Dual Survival is one of my favorite survival shows. The first season is over, but it seems fairly certain that a second season will be picked up. The show puts together a mismatched pair of survival experts, Cody Lundin (a self described barefoot hippie), and Dave Canterbury (an ex military survivalist). I am sure that the intent of the show was to create a large amount of drama between the two of them, but the result is far from it. While having different styles, Cody and Dave seem to have great respect for each other, and work well together. The result is a very informational show which gives you different points of view on each situation.

Shows that are off the air


Survivorman is the show that put Les Stroud on the map for most people. In the show, Les is stranded in the wilderness, and has to survive for a week. He is truly alone, as he does not have a camera crew, but rather films himself. The show provides very valuable information. Its biggest benefit is that it provides a realistic evaluation of different survival skill and methods. You see exactly how long it takes to do a task, and you see every time it fails. You gain an appreciation for what it is like to do a task when you have not eaten for three days. The show is a must see.

Other shows by Les Stroud that are worth seeing, but have been excluded because I do not think they deal directly with the subject of this post are Survival: Summer, Survival: Winter, and Snowshoes and Solitude.

Country Tracks

Country Tracks was a show hosted by Ray Mears, originally aired on BBC. It is a series of short episodes, in which Ray covers topics from navigation for fire lighting. It is very information dense and well worth seeing.

World of Survival

World of Survival was another series by Rey Mears, aired on BBC. It is similar in format to Beyond Survival, but I find that it gets the focus much better. In the show Ray visits different indigenous tribes and learns skills from them. While some of the information is not directly skill related, the shows are rich in information.

Extreme Survival

Extreme Survival was a series by Ray Mears aired on BBC. In the show Ray explores different environments which present a difficulty for survival. Each episode spends a large amount of time recounting actual survival stories. I find that while such stories are interesting, the amount of information presented is drastically reduced.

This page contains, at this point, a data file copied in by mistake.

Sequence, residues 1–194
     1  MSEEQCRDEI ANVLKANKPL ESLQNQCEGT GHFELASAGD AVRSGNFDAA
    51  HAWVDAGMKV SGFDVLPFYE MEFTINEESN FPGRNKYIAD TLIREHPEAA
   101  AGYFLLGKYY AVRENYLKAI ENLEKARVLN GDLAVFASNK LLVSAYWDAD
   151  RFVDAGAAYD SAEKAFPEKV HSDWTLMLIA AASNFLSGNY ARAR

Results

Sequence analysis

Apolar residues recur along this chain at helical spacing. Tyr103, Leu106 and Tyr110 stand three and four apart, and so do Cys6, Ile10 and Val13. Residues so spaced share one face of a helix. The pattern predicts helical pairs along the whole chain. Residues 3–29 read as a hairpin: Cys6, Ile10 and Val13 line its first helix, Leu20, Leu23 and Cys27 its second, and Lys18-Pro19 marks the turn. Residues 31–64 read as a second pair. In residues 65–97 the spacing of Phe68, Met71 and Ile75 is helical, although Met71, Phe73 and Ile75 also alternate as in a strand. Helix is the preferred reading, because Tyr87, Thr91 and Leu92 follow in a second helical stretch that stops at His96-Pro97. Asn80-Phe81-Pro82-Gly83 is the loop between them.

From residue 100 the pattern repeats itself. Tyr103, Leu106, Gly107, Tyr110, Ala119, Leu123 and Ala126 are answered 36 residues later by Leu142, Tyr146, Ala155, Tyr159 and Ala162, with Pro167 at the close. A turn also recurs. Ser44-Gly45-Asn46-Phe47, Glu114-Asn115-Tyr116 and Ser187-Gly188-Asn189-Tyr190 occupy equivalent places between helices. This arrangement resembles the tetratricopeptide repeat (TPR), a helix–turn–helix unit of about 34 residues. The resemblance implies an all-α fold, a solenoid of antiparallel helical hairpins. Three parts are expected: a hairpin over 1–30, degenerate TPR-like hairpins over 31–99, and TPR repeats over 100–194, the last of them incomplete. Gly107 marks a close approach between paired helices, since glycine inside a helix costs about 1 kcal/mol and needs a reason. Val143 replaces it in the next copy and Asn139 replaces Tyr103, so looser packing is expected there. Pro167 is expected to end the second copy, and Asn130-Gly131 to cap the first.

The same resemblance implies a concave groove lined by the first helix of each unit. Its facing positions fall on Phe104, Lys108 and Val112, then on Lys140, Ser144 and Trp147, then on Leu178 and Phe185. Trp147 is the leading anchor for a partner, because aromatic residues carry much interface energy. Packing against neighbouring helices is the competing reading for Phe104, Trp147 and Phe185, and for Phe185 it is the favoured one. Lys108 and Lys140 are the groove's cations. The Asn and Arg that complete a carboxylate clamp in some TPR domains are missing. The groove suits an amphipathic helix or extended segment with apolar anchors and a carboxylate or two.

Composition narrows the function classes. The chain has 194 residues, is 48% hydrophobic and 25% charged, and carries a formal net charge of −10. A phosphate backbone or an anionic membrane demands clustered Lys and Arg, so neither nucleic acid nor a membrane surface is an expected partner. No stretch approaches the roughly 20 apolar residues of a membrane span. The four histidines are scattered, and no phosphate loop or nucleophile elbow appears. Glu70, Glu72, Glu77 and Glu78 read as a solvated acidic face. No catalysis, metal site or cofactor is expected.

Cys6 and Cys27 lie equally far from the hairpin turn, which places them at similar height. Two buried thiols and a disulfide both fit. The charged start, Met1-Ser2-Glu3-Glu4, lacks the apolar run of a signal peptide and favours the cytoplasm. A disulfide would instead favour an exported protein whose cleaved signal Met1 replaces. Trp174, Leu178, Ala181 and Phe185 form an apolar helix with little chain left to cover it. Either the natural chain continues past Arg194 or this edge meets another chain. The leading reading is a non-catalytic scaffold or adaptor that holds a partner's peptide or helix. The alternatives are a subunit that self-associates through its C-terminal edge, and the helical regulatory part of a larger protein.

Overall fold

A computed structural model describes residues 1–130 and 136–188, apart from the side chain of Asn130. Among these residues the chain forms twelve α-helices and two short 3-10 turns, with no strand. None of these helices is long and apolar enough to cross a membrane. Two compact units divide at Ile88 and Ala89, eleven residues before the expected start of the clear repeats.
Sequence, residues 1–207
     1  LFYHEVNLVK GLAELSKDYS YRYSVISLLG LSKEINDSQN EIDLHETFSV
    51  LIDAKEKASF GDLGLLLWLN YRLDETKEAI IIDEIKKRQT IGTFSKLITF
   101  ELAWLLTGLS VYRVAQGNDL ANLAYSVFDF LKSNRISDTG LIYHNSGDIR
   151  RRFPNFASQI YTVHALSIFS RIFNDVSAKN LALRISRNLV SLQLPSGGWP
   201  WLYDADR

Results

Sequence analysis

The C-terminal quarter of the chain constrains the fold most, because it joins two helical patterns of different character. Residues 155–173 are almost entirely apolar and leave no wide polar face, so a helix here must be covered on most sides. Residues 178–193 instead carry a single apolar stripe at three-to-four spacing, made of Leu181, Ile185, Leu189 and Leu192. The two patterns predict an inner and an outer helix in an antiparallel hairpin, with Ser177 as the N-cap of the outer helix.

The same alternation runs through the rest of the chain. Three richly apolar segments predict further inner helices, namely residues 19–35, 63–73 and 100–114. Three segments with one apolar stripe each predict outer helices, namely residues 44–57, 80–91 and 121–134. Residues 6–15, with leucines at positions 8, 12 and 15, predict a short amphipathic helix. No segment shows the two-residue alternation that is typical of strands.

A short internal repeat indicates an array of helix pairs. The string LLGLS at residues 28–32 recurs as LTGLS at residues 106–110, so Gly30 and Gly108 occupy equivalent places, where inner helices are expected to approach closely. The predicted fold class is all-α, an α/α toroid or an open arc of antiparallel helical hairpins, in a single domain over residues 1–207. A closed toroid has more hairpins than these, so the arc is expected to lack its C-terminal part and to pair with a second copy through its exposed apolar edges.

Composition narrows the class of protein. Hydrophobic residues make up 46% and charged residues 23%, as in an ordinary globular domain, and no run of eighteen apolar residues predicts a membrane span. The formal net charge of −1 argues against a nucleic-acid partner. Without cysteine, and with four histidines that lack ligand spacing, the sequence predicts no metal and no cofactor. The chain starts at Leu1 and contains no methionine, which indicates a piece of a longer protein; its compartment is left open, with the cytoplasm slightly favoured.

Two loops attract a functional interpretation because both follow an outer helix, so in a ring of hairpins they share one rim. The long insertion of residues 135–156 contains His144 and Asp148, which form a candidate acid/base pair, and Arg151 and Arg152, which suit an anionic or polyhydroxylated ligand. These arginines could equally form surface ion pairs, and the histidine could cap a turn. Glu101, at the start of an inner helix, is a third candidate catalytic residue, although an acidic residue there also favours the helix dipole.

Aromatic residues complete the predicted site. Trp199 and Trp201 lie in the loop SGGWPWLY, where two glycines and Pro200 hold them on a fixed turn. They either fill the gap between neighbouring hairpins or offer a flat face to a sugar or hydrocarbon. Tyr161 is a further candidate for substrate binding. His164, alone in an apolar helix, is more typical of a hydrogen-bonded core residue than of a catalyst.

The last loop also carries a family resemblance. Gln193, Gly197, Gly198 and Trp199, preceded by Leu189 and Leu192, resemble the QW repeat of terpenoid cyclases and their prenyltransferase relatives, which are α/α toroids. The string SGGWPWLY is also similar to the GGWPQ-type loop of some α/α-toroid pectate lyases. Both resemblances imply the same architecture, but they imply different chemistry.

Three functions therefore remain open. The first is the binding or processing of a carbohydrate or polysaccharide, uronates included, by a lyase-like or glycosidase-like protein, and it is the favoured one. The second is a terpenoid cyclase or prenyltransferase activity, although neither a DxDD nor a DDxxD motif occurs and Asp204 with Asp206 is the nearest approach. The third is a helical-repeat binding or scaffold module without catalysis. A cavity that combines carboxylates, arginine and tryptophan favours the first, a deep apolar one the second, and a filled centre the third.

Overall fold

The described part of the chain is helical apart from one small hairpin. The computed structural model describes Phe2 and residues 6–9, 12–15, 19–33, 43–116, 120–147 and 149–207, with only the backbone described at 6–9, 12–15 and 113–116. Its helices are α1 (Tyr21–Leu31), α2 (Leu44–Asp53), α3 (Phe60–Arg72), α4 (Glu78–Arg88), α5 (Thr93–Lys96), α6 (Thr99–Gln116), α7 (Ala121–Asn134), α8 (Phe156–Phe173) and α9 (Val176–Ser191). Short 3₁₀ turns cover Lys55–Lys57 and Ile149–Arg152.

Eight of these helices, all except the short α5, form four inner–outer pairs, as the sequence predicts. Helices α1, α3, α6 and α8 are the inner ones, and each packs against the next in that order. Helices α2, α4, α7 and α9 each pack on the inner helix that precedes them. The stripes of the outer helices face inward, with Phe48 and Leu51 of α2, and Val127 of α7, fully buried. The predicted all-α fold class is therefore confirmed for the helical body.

Bushcraft was a series by Ray Mears, aired on BBC. In the series Ray explores different aspects of bushcraft ranging from bow making with stone tools, to canoe building. The show is very rich in information. It is a must see for anyone interested in in the subject.

Wild Foods

Wild Foods is yet another show by Ray Mears made for the BBC. This is my favorite of Ray’s shows. In it he explores different foods that might have been eaten by our ancestors, and possible ways of preparing them. The show focuses mostly on Britain, but it provides an amazing insight into the lives of our ancestors.

Other shows by Ray Mears that are worth seeing, but have been excluded because I do not think they deal directly with the subject of this post are Ray Mears Goes Walkabout, Survival (the show deals with different wild animals) Northern Wilderness and Real Heroes of the Telemark.

Saturday, September 25, 2010

Out of Town with Jack Hargreaves

This is an old television show that I bumped across. The only way I can describe it is that it is as if though you are speaking to your grandfather. It is a mixture of stories about the countryside and visits to people who live pre-industrial lifestyles within Britain.

Some episodes are quite interesting, offering a glimpse into a more traditional form of living. Others can get tedious. Fast forward through the episodes, to find the parts that you like.

I have imbedded Part 1 of Episode 12 and have provided links to Parts 2 and 3. You can find the rest of the episodes on YouTube.

Part 1

Part 2

Part 3

There are about two dozen episodes available.

Wednesday, September 22, 2010

Belt Carry-Part 2

The third item of kit that I have on my belt is what people often refer to as a possibles pouch. It is just a small bag in which I keep some small items. For that purpose I use a container that I found at an army surplus store tagged as a jungle binoculars container. Just about any container that you can hang from your belt will do the trick.

I have a number of small items inside. I have tried to organize them to the best of my ability.

Here is the list:

Top Row From Left to Right